- 4,99 €
Beschreibung des Verlags
Charles thought the Moon would be a new beginning. Now, he knows he'll be lucky just to stay alive.
Having escaped both an Earth on the verge of global collapse and their squabbling parents in a "divorce" at Geosynchronous Station, a newly independent Charles "Chigger" Dingillian and his two brothers find themselves alone on the Moon with very few prospects.
Worse, they are being hunted by ruthless interplanetary corporations who would stop at nothing to come in possession of a memory bar the boys smuggled on board.
Totally unsure of who they can trust—if anyone—the three boys must find a way to make it on their own in unfamiliar territory. Only one thing is certain: The Moon is not a safe place to be.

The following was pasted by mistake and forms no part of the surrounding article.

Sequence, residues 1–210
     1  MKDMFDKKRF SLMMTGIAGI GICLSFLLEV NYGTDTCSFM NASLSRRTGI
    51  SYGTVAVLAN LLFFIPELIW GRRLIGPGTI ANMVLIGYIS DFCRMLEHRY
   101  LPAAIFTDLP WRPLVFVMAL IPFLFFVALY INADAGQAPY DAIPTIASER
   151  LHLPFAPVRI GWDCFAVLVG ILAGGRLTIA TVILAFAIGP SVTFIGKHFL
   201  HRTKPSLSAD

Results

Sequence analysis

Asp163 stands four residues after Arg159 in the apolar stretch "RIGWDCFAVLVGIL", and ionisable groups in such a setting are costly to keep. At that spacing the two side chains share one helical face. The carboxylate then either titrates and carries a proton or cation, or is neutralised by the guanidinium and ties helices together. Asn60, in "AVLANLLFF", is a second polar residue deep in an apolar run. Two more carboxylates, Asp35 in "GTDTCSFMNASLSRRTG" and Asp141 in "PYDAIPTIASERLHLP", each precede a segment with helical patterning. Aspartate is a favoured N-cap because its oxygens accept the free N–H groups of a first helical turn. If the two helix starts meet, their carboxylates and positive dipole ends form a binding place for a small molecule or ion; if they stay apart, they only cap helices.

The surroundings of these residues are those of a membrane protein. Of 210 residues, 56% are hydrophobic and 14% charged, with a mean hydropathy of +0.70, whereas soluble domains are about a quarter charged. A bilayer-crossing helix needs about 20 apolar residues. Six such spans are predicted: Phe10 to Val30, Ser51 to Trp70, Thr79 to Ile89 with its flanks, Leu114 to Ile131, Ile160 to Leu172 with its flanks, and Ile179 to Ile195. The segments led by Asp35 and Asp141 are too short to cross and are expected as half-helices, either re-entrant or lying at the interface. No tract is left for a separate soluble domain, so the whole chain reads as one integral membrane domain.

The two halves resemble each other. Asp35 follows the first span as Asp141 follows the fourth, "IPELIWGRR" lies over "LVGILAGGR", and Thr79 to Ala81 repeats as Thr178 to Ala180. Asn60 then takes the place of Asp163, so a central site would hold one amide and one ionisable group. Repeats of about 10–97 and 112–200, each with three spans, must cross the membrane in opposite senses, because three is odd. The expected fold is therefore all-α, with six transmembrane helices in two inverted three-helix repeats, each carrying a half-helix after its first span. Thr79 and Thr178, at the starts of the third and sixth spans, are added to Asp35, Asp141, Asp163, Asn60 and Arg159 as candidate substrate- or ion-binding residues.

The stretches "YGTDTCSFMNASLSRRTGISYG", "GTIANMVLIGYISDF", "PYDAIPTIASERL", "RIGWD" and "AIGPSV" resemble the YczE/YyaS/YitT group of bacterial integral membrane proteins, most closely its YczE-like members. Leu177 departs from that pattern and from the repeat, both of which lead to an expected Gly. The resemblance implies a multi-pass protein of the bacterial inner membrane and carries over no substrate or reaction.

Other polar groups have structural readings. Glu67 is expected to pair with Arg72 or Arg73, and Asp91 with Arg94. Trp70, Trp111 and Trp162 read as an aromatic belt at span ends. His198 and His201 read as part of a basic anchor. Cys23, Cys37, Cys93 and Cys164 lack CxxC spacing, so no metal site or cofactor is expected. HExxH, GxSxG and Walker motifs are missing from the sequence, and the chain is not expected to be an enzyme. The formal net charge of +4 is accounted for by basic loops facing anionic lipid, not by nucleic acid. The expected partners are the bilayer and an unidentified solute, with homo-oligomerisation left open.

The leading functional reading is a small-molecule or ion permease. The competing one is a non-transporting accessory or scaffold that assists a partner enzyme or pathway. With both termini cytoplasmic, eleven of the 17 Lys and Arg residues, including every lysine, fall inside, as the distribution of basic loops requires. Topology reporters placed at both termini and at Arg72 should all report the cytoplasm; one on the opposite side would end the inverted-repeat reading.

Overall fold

Nebula Award winner Gerrold doesn't disappoint in this follow-up to 2000's Jumping Off the Planet. Charles "Chigger" Dingillian and his brothers believe they can get along well enough without their recently divorced parents, if they just stick together. They move off Earth and discover that a robot monkey given to the youngest of them possesses a computer far more advanced than might be required of a toy. In fact the computer is of a power that could make trillions of dollars for the owner. The youth of the protagonists automatically reminds one of Heinlein's juveniles. Though it is doubtful that the convoluted science here could be followed by Heinlein's targeted 12- to 14-year-olds, it really doesn't matter, because the real story is that of being thrust into a world that is adult indeed. After Chigger and his brothers leave Earth just in time to escape a plague that results in social and economic collapse, new friends lead them aboard an automated cargo pod bound for the moon. The moon is an unforgiving and potentially deadly environment, but the brothers soon wonder whether several mishaps are just that or deliberate attempts at murder. As the story continues, the line that divides friend from foe becomes more and more indistinct in this engaging, believable and eventually riveting book from the author revered for his immensely popular Star Trek teleplay, "The Trouble with Tribbles."